Sam Bankman-Fried was the golden child of cryptocurrency.
The buzzy company called FTX, which he co-founded, made him worth $15.6 billion — and celebrities wanted in on the profits.
Gisele Bündchen and Tom Brady co-starred in a $20 million ad campaign for FTX, receiving an equity stake in the company along with cryptocurrency in return. NBA legend Steph Curry was made a global ambassador for the company in exchange for an equity stake and even entangled his Eat.Learn.Play. charity with the platform. Tennis star Naomi Osaka was given an equity stake. Angels pitcher Shohei Ohtani and Aaron Jones of the Green Bay Packers both signed on as global ambassadors, receiving equity stakes.
During the 2022 Super Bowl, comedian Larry David starred in a commercial for FTX.
In the ad, which cost a reported $30 million, David listens as an actor playing an FTX executive implores him to invest via the company’s “safe and easy way to get into crypto.” Ever the skeptic, a smirking David replies: “Ehhhh, I don’t think so. And I’m never wrong about this stuff — never.”
Bankman-Fried — and his celebrity pals — should have heeded that advice.
Now, FTX is at risk of bankruptcy and a total collapse, scrambling to shore up an $8 billion liquidity crisis that has left investors unable to claim their funds. The equity stakes granted to celebrities are pretty much worthless. And Bankman-Fried’s empire faces a federal probe over whether it mishandled clients’ money.
It’s a massive fall for Bankman-Fried, who, at just 30 years old, was once tipped to be one of the biggest donors to the Democratic Party in the 2024 presidential election.
Now he’s eating humble pie.
“I f—ed up, and should have done better,” Bankman-Fried, who has personally lost at least $13 billion in the debacle, tweeted on Thursday. “The full story here is one I’m still fleshing out every detail of, but as a very high level, I f—ed up twice.’
Bankman-Fried was raised near Palo Alto, Calif., by two Stanford Law professors, Joseph Bankman and Barbara Fried. After flipping a coin to choose between MIT and CalTech, he went to Cambridge, Mass., where studied physics and mathematics.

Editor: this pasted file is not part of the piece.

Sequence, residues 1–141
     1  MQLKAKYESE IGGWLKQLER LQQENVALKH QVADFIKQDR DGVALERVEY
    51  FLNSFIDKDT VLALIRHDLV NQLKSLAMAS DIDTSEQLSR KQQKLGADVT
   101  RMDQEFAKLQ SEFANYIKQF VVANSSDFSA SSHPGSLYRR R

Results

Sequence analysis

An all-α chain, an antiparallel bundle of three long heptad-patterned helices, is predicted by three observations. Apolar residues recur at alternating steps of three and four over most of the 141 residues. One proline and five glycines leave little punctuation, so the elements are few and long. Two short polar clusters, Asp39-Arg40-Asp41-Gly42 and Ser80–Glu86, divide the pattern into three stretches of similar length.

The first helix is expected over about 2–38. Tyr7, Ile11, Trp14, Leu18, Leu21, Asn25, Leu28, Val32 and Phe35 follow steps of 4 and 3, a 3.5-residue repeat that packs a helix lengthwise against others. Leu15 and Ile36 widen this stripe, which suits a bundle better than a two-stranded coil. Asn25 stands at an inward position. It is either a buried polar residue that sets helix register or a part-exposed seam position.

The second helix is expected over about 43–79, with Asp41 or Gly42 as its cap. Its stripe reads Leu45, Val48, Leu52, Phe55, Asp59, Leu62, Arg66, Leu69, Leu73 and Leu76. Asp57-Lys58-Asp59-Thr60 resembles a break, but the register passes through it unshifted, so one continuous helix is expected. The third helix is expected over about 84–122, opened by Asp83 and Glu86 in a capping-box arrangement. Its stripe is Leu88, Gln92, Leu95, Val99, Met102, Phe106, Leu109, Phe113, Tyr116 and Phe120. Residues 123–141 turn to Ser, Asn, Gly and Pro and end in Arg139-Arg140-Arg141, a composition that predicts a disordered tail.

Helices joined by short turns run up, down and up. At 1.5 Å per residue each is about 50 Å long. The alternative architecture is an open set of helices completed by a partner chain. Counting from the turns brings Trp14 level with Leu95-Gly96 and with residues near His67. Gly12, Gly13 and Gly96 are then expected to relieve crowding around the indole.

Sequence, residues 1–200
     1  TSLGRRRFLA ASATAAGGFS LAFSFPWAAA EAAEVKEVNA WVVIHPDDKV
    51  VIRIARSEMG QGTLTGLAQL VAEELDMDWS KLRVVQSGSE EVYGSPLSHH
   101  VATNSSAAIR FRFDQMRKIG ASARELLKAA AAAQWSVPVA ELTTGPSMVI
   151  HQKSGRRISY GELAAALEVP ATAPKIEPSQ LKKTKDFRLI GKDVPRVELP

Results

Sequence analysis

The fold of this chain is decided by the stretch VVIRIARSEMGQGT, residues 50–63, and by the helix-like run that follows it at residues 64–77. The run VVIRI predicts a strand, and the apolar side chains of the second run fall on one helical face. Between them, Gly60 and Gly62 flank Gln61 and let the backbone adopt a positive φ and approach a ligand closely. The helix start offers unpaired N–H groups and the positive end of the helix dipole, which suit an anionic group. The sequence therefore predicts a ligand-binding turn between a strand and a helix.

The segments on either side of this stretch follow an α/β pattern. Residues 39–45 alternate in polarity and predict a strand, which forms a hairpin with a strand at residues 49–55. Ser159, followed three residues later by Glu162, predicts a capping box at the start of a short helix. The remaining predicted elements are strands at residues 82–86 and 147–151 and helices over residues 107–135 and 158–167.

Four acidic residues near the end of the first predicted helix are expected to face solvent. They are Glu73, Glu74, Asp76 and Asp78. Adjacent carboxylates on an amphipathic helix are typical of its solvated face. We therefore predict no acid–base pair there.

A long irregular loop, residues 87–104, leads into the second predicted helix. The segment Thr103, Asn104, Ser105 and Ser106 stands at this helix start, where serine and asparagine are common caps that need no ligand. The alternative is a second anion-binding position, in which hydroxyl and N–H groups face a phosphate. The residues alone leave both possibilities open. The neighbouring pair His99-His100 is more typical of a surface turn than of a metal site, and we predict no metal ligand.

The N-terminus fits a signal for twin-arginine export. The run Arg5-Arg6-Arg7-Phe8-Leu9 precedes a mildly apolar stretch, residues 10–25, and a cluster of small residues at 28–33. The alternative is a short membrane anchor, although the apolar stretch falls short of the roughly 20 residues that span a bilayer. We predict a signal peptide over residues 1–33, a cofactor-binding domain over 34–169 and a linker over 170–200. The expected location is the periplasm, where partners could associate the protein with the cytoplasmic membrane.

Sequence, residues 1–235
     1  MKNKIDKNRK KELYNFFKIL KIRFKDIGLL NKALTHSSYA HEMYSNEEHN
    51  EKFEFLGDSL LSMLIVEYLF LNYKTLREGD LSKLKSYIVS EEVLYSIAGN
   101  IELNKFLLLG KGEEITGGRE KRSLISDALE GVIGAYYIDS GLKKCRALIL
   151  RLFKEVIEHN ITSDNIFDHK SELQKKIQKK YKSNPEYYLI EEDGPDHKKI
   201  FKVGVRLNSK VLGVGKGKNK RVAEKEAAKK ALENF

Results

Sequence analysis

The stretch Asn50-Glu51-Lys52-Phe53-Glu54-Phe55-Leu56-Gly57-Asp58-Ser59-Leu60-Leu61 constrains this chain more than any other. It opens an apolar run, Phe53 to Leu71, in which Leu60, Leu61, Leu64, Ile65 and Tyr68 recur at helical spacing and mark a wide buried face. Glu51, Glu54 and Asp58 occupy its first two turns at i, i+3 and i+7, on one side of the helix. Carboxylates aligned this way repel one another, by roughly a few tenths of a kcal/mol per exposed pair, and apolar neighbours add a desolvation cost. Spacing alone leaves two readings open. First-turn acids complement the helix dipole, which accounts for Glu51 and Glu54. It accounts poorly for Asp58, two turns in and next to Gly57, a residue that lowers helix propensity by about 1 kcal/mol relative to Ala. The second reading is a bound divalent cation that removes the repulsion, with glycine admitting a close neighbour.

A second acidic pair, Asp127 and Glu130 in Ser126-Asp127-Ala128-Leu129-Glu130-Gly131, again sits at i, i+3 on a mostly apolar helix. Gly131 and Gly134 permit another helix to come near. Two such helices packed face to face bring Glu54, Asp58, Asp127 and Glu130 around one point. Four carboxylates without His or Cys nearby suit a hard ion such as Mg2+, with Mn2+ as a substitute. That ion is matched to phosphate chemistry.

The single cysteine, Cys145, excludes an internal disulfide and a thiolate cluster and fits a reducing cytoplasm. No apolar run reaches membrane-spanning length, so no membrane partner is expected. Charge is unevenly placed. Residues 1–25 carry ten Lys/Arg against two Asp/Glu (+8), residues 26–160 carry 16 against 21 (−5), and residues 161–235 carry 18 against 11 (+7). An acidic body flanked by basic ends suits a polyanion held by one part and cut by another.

“Nothing I learned in college ended up being useful … other than, like, social development,” Bankman-Fried told Yahoo Finance. “On the academic side, though, it’s all f–king useless … School is just not helpful for most jobs.”
So he ended up fashioning his own kind of career, via a shrewd hack in 2017: taking advantage of a price discrepancy that allowed him to buy Bitcoin on the cheap in Japan and sell it high in other countries. Within 18 months, he had turned $10,000 into $1 billion.
In 2019, with one partner, he launched FTX crypto exchange, which promised a better, safer way for customers to purchase the emerging currency. Customers who bought a “token” from FTX (referred to as an FTT) were allowed to sell crypto at a discount on the FTX.
Over the next few years, the boom of the FTX crypto exchange made Bankman-Fried even wealthier.
And A-list celebrities loved the smell of the profits. Sources told The Post that at least one major Hollywood power player steered celebrities toward FTX, believing that the crypto exchange was “printing money.”
Even the Miami Heat got involved. The NBA team signed a $135 million deal last year to rename its stadium FTX Arena for the next 19 years.
Meanwhile, Bankman-Fried donated huge amounts of money to politics — including $5 million to Joe Biden’s 2020 presidential campaign. That splurge made “SBF,” as he’s known among crypto obsessives, the second largest money-giver to the president’s election effort.
According to Politico, during 2022, he contributed $105,000 to conservative candidates and $35,972,000 to liberals. Additionally, he contributed to Protect Our Future PAC, which began as a Democratic political action committee. It launched with $10 million in funding, most of which came from Bankman-Fried.
After publicly expressing a desire to donate “north of $100 million” for the next presidential election, Bankman-Fried later reconsidered and described his statement as a “dumb quote.”